Impaired Notch-MKP-1 signalling in hidradenitis suppurativa: an approach to pathogenesis by evidence from translational biology
|Melnik, Bodo C.
|ACNE INVERSA; ANTIMICROBIAL PEPTIDES; CIGARETTE-SMOKE; CYTOKINE PRODUCTION; Dermatology; EPIDERMAL DIFFERENTIATION; gamma-secretase; hidradenitis suppurativa; INFLAMMATORY RESPONSES; innate immunity; KERATINOCYTE GROWTH; MAPK phosphatase-1; NOTCH ACTIVATION; Notch signalling; outer root sheath; p38; Th17-cells; TNF-ALPHA SECRETION; TOLL-LIKE RECEPTOR-4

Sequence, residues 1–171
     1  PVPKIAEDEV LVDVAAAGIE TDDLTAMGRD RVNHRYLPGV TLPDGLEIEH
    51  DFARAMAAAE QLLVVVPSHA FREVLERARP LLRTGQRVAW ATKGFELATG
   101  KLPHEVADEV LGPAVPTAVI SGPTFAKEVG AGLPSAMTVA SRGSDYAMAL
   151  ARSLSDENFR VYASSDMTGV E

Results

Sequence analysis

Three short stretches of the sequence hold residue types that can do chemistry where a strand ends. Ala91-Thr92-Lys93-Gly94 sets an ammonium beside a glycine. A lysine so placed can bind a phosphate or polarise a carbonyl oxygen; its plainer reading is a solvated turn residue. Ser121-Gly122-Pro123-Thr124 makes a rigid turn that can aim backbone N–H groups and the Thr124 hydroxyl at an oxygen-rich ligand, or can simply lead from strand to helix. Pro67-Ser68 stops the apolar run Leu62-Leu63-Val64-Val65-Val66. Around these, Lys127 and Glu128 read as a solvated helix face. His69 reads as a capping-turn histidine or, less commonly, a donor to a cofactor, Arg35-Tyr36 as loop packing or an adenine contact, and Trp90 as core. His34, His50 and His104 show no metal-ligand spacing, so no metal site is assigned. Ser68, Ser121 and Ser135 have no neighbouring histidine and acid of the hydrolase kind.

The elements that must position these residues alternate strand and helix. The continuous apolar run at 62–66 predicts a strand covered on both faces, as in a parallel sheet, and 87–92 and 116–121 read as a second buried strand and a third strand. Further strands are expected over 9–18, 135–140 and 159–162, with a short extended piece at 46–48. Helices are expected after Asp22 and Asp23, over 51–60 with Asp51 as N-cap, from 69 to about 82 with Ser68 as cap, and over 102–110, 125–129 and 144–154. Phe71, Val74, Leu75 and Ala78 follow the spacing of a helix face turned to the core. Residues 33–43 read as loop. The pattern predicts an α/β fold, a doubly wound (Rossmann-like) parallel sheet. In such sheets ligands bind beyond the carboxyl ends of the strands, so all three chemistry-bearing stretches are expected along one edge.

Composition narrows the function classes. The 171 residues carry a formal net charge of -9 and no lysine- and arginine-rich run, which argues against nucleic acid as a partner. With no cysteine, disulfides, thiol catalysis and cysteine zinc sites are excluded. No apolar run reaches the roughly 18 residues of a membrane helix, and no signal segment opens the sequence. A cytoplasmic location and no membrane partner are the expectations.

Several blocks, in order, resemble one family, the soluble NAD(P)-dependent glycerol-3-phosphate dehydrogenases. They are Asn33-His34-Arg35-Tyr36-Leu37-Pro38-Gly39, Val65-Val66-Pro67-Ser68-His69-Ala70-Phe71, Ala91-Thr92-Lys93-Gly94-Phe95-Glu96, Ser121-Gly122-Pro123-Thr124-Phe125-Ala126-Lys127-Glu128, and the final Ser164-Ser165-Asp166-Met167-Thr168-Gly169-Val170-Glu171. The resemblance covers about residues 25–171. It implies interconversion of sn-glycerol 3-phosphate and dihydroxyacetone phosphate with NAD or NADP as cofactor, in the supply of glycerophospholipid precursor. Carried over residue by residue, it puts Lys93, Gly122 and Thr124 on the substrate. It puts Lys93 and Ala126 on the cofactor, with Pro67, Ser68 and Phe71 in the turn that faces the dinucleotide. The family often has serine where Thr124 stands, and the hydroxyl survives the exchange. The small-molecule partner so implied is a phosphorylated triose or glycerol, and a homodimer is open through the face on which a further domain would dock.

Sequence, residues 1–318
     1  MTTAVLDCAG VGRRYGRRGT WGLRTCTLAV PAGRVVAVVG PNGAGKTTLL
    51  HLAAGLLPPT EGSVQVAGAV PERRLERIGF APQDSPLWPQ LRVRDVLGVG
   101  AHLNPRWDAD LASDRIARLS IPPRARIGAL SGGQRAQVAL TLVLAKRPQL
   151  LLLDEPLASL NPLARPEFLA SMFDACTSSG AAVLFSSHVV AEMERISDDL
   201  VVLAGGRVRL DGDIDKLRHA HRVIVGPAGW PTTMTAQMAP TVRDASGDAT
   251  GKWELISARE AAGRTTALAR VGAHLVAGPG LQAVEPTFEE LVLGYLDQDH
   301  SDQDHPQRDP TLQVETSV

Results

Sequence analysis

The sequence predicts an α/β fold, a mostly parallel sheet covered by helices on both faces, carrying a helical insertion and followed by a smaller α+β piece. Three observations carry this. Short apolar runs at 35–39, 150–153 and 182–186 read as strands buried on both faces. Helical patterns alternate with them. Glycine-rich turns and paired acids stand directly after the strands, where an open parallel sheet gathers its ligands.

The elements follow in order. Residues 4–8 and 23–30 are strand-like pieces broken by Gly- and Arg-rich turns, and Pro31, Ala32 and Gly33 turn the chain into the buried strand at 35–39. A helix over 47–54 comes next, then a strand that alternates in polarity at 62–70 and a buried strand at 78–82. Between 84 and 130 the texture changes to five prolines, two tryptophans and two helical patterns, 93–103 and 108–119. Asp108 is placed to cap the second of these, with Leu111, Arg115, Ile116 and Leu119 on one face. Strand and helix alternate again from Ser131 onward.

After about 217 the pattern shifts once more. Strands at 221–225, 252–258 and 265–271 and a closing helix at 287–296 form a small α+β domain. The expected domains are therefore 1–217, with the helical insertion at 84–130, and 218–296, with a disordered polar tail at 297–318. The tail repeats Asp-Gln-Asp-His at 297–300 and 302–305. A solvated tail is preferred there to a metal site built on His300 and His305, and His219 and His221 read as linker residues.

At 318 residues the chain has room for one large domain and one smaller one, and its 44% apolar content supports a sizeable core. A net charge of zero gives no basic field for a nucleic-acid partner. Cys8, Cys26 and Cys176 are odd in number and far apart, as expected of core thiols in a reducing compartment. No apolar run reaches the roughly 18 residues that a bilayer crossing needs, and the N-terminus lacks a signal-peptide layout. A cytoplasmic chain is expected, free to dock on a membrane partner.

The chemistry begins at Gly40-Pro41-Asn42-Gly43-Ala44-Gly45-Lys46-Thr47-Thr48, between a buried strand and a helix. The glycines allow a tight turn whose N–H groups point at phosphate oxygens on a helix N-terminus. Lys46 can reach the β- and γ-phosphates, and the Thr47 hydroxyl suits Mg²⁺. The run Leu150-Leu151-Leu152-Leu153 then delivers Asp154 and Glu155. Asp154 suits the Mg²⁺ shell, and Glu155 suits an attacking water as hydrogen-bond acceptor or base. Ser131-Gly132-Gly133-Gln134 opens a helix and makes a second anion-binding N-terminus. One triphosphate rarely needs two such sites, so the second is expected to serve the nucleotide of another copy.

Recent findings in familial hidradenitis suppurativa (HS) demonstrated loss-of-function mutations of components of the gamma-secretase (GS) complex leading to decreased protease cleaving activity, which may compromise canonical Notch signalling. Appropriate Notch signalling is of pivotal importance for maintaining the inner and outer root sheath of the hair follicle and skin appendages. This viewpoint on the pathogenesis of HS is primarily supported by circumstantial evidence derived from translational biology. Impaired Notch signalling is proposed to be the major pathogenic mechanism of HS. Deficient Notch signalling switches the fate of outer root sheath cells, resulting in conversion of hair follicles to keratin-enriched epidermal cysts. Impaired Notch signalling may compromise apocrine gland homoeostasis as well. Damage-associated molecular pattern molecules released by either ruptured epidermal cysts exposing keratin fibres or altered structural components of less maintained apocrine glands may both stimulate TLR-mediated innate immunity. All aggravating factors of HS, that is, smoking, obesity, skin occlusion, androgens and progesterone, may further promote inflammation by release of proinflammatory cytokines derived from activated monocyte/macrophages. Inappropriate Notch signalling may not only initiate inflammation in HS but may lead to insufficient feedback inhibition of overstimulated innate immunity. Regular Notch signalling via induction of MAPK phosphatase-1 (MKP-1) terminates TLR-MAPK-signalling in macrophages and IL-23 secreting DCs, the key players for Th17 cell polarization. Thus, impaired Notch signalling links HS to other Th17-driven comorbidities. All major therapeutic interventions in HS appear to attenuate increased MAPK activation of innate immune cells due to impaired Notch-mediated feedback regulation of innate immunity.
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